We see Gabriel develop as an artist from the early use of charred larch wood given to him by his grandmother and his blind copying of Rembrandt drawings to become an accomplished painter; Tegger learns to fashion his love of words into fine poetry.
'Gabriel Marchant' is a rites of passage story sympathetically revealing life in the raw. Gabriel matures not only as an artist but discovers at Archie's Settlement 'the complication of women' through Rosel, art teacher and older woman, Marguerite model and Greta the gauche, clever schoolgirl who makes a pact with Gabriel to do 'the thing that men and women do.'
And always in the background is Archie working to release the butterflies in chrysilis state, a gifted group of young people desperate to escape the web of ignorance that could condemn them to life in the dark as black as any mine.
A very good read. Highly Recommended.
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GABRIEL MARCHANT [Kindle Edition 5.0 out of 5 stars A Must Read 28 Aug 2014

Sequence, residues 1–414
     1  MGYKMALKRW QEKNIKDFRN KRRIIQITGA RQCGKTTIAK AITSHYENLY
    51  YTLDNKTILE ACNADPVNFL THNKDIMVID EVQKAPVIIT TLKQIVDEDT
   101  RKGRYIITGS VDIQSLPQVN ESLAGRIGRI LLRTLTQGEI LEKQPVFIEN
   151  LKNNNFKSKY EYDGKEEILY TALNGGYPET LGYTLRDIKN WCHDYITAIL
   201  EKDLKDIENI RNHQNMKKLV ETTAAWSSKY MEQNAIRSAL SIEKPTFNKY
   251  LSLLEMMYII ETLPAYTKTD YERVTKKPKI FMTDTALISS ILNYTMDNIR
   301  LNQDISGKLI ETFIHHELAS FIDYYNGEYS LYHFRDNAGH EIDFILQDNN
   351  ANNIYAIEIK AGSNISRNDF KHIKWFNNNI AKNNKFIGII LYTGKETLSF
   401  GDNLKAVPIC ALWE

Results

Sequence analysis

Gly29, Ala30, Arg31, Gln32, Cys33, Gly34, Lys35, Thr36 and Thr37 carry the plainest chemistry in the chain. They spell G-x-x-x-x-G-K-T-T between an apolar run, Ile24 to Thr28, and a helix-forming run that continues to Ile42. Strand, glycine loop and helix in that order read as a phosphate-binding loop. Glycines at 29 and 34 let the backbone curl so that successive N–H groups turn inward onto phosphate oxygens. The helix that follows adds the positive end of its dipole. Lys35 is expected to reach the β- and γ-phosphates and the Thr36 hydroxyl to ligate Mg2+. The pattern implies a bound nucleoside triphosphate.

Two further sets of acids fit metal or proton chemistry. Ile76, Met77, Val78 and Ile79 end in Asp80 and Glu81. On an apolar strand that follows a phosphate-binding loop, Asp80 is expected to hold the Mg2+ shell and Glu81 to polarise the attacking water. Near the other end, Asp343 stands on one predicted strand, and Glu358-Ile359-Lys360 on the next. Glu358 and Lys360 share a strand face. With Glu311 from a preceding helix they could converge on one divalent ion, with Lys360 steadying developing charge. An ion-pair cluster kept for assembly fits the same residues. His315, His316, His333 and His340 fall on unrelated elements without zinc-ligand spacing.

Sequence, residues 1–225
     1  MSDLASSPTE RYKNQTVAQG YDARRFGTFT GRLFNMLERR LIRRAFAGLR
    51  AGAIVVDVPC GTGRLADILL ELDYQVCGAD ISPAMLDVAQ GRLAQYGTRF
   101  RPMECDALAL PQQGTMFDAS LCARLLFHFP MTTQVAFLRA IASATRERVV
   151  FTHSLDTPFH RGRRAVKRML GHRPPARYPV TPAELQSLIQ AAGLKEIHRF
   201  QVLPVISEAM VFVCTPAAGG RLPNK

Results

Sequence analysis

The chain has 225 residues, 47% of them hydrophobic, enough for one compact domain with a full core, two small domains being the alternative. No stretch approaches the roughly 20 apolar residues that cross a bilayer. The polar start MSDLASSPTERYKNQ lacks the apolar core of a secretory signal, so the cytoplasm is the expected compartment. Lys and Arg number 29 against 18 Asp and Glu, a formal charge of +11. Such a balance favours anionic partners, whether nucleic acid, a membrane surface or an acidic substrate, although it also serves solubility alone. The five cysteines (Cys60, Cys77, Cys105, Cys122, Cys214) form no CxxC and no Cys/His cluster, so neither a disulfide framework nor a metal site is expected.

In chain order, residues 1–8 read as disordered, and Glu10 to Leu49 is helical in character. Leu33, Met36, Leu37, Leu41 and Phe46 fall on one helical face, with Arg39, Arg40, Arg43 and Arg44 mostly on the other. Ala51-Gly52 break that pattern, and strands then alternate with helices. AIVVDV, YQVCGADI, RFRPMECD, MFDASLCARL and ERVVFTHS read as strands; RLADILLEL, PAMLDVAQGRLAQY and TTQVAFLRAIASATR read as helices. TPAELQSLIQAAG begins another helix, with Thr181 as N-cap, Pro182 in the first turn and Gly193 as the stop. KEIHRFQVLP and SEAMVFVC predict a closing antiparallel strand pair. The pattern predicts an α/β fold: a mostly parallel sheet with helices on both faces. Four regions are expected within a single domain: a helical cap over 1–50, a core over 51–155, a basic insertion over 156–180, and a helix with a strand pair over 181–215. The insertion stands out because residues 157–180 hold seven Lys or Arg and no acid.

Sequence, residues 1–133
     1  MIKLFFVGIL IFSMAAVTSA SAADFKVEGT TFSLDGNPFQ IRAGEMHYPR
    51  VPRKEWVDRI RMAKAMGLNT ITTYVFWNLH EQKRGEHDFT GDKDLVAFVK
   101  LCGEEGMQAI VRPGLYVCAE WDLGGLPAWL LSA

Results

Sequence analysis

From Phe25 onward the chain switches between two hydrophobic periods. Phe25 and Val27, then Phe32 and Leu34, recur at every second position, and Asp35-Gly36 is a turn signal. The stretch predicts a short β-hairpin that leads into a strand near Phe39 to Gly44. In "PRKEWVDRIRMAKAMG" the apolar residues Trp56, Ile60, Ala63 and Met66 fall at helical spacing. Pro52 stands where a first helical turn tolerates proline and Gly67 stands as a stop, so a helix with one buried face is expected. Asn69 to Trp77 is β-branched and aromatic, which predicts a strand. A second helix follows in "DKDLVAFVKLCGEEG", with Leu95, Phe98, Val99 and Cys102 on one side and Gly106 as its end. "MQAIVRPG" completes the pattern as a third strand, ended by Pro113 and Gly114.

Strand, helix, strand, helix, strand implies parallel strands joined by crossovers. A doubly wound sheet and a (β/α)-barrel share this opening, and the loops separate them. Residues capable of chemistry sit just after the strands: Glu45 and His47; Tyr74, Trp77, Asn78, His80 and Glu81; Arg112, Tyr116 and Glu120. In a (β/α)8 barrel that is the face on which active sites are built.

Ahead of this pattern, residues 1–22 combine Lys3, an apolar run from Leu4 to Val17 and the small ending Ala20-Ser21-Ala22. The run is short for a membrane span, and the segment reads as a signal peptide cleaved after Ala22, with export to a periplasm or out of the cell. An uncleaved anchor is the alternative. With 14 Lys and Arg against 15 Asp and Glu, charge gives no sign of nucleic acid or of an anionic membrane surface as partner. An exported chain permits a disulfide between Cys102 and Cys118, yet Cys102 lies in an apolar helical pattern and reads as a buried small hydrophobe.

By A M Joy
Format:Kindle Edition|Verified Purchase
An exceptional evocation of the pit: it's darkness, its amazing colour (here is the big surprise), the earth and its ghosts and the men who worked there, especially Gabriel the man who would be painter - wonderful.

 ‘A Must Read
 A M Joy on 24 Sep 2011
Format: Kindle Edition Verified Purchase
Paulie, Queenie, Christine, Martiza and Lilah are five women who are caught in the web of prison, five good women who meet in a white van - a paddy wagon -and whose lives are transformed by their experience of imprisonment. In this exceptional and insightful novel, Wendy Robertson introduces us to the hidden world of invisible women that is prison. Her characters and their stories leap off the page at us, there are no stereotypes here, this is not Prisoner Cell Block H or Bad Girls but it is every bit as compelling. She is a consummate story-teller, who weaves a fascinating web around these disparate lives and if you want to know what prison is really like and who the women we lock away every day are then READ THIS. I know of no other novel which will give you such unique insight into this closed world. With the liberation of fiction Wendy Robertson takes us closer to the truth than any reductive documentary could and on the journey she treats us to the poetry of Paulie, to laughter and tears and to a celebration of the friendship between women.